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Filming Music is Preserving Music! Instruments 4 Africa brings threatened West African musical traditions to life

Filming Music is Preserving Music!
Instruments 4 Africa brings threatened West African musical traditions
to life with their vital short films

Paul Chandler and team interview a village leader in Mali

Paul Chandler and team interview a village leader in Mali

 

What if the very last musician in Mali to be trained on the Mandinka warrior’s harp, the Bolon, was never recorded? Or a ceremony passed down for generations goes unperformed for 20 years? We, the world, would lose a valuable, irreplaceable part of our heritage certainly, but so would the local culture. This is what makes Instruments 4 Africa’s work filming, preserving and documenting the musical/cultural heritage of West Africa so critical!

 

According to Instruments 4 Africa co-founder, Paul Chandler,

“WhT160K instruments 4 africa childrens troupeen the kids see the village preparing for these ceremonies, they get interested in spite of themselves. The whole village gets involved, and the kids see their elders in a new light. […] And when they see these movies played on the same screens where they see American Rap videos and Brazilian Soap Operas, they see that their own culture has real value.”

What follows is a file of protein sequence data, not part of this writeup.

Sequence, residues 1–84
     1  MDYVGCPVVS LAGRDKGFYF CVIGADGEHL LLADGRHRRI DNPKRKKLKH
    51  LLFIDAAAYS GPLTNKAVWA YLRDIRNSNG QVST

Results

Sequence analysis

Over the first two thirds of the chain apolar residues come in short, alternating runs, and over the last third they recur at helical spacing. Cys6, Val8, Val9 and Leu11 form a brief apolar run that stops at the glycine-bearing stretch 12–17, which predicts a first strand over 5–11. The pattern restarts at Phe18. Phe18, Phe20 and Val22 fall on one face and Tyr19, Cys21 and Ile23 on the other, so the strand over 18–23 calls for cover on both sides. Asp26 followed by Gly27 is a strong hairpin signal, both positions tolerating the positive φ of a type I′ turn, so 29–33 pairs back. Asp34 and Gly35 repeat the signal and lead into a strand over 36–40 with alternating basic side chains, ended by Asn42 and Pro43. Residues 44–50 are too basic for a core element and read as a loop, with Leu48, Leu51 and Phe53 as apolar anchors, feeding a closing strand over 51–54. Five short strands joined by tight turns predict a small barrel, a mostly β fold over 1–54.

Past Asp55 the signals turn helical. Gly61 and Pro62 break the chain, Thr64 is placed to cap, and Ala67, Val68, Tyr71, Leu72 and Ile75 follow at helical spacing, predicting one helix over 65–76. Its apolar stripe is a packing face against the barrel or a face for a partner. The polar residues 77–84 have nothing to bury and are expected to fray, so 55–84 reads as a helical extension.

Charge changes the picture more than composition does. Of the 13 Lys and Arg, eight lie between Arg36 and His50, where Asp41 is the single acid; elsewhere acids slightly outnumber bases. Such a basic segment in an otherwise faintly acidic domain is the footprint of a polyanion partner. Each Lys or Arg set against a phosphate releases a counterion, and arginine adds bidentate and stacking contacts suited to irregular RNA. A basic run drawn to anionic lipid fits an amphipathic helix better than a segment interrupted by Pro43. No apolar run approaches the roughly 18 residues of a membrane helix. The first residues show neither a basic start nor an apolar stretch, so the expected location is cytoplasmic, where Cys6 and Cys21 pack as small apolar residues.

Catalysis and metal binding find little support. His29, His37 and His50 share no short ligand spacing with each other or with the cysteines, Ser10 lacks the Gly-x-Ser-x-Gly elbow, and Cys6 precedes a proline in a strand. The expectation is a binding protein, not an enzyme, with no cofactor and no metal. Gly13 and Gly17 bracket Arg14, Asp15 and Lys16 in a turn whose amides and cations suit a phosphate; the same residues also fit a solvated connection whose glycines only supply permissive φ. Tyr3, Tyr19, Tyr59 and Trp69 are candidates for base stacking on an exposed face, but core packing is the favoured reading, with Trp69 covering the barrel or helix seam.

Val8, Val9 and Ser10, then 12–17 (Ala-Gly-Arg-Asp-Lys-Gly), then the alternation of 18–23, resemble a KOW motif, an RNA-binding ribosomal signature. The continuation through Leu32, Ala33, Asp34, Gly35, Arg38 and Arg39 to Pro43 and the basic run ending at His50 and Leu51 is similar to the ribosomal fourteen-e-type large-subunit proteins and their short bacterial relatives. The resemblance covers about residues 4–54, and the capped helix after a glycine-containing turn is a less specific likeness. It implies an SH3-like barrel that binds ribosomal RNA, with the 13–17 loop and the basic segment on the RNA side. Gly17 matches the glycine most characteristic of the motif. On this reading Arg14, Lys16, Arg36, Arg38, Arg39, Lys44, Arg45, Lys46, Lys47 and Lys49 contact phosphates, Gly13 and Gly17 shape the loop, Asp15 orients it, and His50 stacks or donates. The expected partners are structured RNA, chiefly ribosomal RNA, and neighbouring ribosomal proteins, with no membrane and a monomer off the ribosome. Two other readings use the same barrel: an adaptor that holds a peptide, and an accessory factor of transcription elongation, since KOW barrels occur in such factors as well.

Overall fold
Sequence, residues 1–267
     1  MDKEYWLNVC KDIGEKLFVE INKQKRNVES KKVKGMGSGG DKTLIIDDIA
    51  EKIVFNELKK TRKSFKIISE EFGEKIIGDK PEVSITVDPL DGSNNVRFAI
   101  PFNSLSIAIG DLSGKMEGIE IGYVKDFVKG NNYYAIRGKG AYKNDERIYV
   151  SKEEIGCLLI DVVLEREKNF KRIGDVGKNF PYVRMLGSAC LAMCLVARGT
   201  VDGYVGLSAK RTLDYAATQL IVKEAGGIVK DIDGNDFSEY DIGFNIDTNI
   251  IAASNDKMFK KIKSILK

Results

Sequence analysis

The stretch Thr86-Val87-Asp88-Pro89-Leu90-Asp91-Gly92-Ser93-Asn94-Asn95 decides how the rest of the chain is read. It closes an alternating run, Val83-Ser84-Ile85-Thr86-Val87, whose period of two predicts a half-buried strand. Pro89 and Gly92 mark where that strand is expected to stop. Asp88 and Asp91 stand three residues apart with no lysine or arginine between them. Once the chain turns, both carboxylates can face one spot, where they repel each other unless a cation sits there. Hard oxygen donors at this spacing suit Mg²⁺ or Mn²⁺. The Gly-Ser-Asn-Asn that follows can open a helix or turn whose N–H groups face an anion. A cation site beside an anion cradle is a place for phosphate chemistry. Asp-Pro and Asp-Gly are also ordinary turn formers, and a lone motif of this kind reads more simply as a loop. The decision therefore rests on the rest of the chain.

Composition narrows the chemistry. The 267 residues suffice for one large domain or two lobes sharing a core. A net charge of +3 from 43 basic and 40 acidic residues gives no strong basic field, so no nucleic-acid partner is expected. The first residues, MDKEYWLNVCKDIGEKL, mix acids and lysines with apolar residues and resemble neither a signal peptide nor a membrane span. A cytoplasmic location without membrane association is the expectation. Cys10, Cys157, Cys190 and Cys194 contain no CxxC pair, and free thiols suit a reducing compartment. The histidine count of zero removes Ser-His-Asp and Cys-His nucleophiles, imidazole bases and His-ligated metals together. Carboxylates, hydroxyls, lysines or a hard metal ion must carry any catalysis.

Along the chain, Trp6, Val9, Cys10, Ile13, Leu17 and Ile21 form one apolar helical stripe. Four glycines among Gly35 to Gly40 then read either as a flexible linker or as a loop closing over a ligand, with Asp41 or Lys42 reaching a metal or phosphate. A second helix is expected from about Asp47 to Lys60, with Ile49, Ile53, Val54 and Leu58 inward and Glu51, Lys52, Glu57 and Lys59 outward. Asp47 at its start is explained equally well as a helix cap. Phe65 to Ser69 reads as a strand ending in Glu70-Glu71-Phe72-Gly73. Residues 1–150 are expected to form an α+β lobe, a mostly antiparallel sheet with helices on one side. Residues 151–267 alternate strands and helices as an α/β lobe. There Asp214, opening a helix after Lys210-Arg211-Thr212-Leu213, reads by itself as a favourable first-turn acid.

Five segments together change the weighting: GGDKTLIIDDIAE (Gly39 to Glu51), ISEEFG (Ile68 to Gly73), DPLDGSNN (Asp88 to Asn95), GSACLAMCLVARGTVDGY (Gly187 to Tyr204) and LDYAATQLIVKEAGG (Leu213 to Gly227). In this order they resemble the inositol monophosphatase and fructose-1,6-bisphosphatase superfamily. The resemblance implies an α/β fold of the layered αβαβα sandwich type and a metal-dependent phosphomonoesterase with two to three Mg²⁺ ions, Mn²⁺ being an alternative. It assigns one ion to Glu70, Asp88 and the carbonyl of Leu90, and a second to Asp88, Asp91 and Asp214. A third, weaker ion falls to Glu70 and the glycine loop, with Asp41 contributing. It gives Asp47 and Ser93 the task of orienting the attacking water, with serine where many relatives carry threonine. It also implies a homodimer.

Instruments 4 Africa works to empower underprivileged and at-risk youth through academic and cultural educational opportunities. In addition to their film work they organize events and create spaces that bring people together with the common goal of mending the social fabric of today’s Mali through shared artistic expression, culture, and history, emphasizing Malian’s similarities and their long-standing tradition of tolerance.

Today, Instruments4Africa already has the footage for their next series of documentaries. Paul and his team have used private funding to keep the work going for now, but this temporary fix is not sustainable. We want to help them complete production of these videos so Instruments4Africa can release them to the worldwide public. They need $2,400 per video to cover production, including editing, sound, translation, and subtitles. With dozens of languages commonly-spoken in Mali, translation alone is a significant effort. This is where T160K comes in!